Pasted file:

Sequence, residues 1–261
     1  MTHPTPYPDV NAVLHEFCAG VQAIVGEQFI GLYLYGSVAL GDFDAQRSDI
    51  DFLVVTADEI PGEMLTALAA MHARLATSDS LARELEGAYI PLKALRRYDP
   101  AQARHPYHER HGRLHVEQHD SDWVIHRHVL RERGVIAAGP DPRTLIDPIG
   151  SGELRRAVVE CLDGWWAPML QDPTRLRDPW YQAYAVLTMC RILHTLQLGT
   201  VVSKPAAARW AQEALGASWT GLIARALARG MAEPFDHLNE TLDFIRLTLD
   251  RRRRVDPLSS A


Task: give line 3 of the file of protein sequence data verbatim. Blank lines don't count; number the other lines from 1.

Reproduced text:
    51  DFLVVTADEI PGEMLTALAA MHARLATSDS LARELEGAYI PLKALRRYDP